After posting that item about ''Love, Inc.'' last night, I caught up on my writing for the print Beacon Journal. You'll find a column in Saturday's paper about T-Boz and Chilli, a couple of Sunday pieces on ''Over There'' and a Monday column elaborating on the ''Love, Inc.''/Shannen/Busy situation.
Squeezed in some sleep, too, before facing a day with The WB. This is not a delight, especially after days of CBS/UPN sessions that ran smoothly.
The WB consistently manages not to run on time, to mismanage sessions (notably by not knowing when to cut off ones that have run out of steam) and to fill empty seats with applauding sycophants. (At one point, I was in the same row as the wife of a WB series producer. She laughed -- loudly -- at his every utterance. He was funny, but not that funny.) The network also tends to see press conferences as a way to kiss up to the networks' stars, even if that delays the Q&A. I gave up for the day when a session about ''7th Heaven'' hadn't even started at the time it was supposed to be over.
(On the good side, The WB did not cover the walls of the meeting rooms with large pictures of its young stars, since I then waste a lot of time trying to tell them apart. And I liked the graphics for its sessions. which had slashing lettering and splashes of color that resembled the work of Ralph Steadman.)
Adding to the time delays were some very lame stunts, including an unfunny appearance by Richard from ''Beauty & The Geek.'' Rebecca Romjin, who has a mid-season series on The WB, stopped by just long enough to plug it. As in: ''I'm off to Vancover to shoot 'X-Men 3.' And as soon as I'm done with that, I can't wait to get back here and work on this (series) and I can't wait to come back here in January to discuss it with you guys.''
But Romjin was trounced in the insincere-rhetoric sweepstakes by Marta Kauffman, the former ''Friends'' producer now working on ''Related,'' an hour-long series for The WB.
Well, eventually working on it. Kauffman joined the press tour via satellite from vacation in Milan. (Well, you knew those ''Friends'' people got paid well, didn't you?)
She proceeded to deliver a stunningly dull monologue about the show, punctuated by her descriptions of its four female stars. As follows:
''The incredibly beautiful and amazingly talented Jennifer Esposito.''
''The equally beautiful and stunningly talented Kiele Sanchez.''
''The, yes, beautiful and yes, talented and edgy and wonderful Lizzy Caplan.''
''The young and, of course, beautiful and talented newcomer Laura Breckenridge.''
More entertaining was ''Smallville's'' Tom Welling, who brought a nice air of irreverence to his appearance talking about some changes on the show next season.
Among them: James Marsters -- the beloved Spike from ''Buffy/Angel'' -- will play Brainiac on the series for several episodes. And Tom Wopat will reunite with his old ''Dukes of Hazzard'' co-star John Schneider, who plays Jonathan Kent on '"Smallville''; Wopat will be play a state senator and old friend of Jonathan.
Also, apparently, Aquaman will appear on the show. This brought amusement from the ''Entourage'' fans in the audience (since that HBO show has an ongoing story about an ''Aquaman'' movie) -- amusement that confused Welling.
Welling did say that ''Smallville's'' Aquaman will be dating Lois Lane (Erica Durance). And Durance, Welling said, ''is terrified of the water. ... She's playing a character who's in love with, well, a guy who can't live outside of the water. So that will be interesting on set.''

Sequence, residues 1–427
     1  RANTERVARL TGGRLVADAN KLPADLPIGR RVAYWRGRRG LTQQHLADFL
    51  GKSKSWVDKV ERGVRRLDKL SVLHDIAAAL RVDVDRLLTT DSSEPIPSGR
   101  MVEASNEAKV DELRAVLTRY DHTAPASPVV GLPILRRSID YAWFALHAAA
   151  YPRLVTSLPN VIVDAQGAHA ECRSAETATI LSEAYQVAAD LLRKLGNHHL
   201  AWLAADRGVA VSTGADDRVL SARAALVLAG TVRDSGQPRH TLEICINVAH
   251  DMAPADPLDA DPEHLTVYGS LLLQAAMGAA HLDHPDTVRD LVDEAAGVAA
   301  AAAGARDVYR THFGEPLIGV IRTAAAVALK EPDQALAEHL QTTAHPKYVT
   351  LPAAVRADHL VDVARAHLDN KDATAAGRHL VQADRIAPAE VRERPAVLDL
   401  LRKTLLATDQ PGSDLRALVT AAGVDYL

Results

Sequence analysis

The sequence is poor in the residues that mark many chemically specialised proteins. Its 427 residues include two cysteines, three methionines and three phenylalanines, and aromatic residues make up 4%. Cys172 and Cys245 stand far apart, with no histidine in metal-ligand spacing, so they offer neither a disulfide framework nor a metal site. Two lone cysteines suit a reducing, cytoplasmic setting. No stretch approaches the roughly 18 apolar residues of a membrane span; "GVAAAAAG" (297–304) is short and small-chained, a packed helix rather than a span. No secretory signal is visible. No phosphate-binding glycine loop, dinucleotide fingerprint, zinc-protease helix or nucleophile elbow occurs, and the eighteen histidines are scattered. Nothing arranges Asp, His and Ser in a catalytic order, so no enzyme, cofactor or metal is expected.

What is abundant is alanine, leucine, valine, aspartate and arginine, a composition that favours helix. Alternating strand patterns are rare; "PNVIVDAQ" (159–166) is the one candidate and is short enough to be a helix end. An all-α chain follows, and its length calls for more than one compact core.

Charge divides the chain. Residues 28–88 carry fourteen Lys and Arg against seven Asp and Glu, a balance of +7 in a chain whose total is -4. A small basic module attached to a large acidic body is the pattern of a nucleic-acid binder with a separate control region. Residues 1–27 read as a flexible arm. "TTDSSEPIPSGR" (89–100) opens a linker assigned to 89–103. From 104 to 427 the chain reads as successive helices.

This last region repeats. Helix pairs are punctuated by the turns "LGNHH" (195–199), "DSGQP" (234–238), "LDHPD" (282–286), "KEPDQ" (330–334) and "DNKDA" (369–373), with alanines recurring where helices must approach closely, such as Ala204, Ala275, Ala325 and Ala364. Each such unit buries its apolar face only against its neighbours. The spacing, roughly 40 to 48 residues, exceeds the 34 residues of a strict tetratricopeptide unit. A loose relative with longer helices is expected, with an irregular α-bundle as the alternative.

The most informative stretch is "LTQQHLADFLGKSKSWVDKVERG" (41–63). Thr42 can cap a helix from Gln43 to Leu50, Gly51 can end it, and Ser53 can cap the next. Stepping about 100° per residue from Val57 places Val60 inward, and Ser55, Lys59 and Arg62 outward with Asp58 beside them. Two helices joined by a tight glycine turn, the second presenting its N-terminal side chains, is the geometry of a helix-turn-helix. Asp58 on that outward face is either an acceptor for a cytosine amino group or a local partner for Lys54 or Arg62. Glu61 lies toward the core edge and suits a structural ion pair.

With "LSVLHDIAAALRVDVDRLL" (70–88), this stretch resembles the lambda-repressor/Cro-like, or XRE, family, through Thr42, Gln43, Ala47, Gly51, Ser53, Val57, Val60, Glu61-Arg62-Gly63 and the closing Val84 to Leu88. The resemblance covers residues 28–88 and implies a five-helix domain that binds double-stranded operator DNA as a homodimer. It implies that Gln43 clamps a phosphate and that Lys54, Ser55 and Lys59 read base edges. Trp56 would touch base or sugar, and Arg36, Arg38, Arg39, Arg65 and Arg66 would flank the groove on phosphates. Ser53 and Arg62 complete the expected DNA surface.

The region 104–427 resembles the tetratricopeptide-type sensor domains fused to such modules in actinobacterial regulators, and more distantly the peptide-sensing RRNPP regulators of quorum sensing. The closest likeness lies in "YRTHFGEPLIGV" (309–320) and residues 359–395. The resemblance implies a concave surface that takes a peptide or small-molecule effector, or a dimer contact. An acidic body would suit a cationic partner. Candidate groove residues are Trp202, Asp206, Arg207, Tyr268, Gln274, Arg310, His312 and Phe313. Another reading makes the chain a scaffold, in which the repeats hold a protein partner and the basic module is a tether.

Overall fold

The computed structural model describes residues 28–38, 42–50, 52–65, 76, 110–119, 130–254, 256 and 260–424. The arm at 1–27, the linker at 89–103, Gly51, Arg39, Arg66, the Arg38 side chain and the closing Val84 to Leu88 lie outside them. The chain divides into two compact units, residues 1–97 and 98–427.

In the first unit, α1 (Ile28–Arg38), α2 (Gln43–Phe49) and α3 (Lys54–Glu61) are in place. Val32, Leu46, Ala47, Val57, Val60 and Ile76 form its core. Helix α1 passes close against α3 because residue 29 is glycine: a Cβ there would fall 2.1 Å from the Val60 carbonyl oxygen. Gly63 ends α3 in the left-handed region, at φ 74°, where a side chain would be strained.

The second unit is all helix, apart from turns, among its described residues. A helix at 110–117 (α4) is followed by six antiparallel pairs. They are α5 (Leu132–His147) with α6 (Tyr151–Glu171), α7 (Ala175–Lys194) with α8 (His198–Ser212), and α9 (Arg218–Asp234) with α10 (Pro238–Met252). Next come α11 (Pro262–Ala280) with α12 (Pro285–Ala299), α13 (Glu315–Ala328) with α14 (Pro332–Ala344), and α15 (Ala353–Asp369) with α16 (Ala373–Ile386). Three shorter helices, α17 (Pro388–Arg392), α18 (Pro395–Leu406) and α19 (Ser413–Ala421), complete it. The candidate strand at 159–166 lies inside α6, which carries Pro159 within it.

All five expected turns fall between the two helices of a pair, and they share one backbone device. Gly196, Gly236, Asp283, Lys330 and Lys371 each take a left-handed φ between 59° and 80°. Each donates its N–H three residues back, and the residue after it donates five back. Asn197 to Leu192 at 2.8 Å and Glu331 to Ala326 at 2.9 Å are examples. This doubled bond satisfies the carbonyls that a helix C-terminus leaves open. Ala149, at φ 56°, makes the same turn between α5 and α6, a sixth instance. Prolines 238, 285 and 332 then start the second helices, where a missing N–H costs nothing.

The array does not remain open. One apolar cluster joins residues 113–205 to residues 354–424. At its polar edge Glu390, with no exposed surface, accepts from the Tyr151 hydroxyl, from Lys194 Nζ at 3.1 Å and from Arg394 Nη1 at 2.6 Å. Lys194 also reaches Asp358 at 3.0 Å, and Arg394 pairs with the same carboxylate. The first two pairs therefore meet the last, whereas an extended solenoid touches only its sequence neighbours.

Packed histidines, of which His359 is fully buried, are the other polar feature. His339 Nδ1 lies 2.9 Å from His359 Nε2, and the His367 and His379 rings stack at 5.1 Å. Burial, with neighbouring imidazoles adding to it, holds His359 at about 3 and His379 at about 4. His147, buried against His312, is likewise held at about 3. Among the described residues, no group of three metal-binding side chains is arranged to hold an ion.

But the biggest news of the day, which sent several critics off to file obits, was the demise of Michigan J. Frog, long the emblem of The WB.
''In my opinion, the frog is dead and buried,'' said WB Chairman Garth Ancier.
There was even a serious reason for doing it. The WB is trying to redefine itself more toward young adults and less toward teens and kids. ''There have been so many successful (WB) shows set in high school that have been successful ... that contributed to the feeling that we were really a teenage service,'' said WB Entertainment President David Janollari.The frog, he said, ''perpetuated the young teen feel of the network, and that is not the image we want to put out to our audience.''
This led, as expected to other jokes and questions, including whether Ancier -- a former NBC executive -- would have killed the NBC peacock, too. No, he said, since the peacock ''is a true American icon.''
I expect Marta Kauffman to apply that phrase to her stars any day now.
More laughs came courtesy of WB Communications Director Keith Marder, The Official Funnyman of The Press Tour. A former TV critic, Marder has become a tour tradition with remarks opening the press tour. Highlights from this year:
-- ''I always knew Tom Cruise would end up with someone from 'Dawson's Creek.' I just thought it would be James Van Der Beek.''
'-- 'Katie Holmes, though, she looks in love to me. If she was this good an actress on 'Dawson's Creek,' she would have won an Emmy.''
-- '"The Shannen Doherty update: It's gotten to the point that Shannen's no longer good enough to even keep a job on UPN. On top of that, I heard she was a victim of identity theft -- and they returned it.''
-- Seems like the theme of tihs year's (show) development was scary stuff. We have 'Supernatural.' ABC has 'Nightstalker.' NBC had its upfront.''
-- ''I think the best part of Kirstie Alley's show 'Fat Actress' was its tltle. You knew exactly what you were getting. .. In retrospect, we should have named 'The Starlet' 'Bad Actress.' Or we could have named it after Faye Dunaway: 'Desperate Actress.' ... Or name it in honor of how many people watched it: '24.' ''
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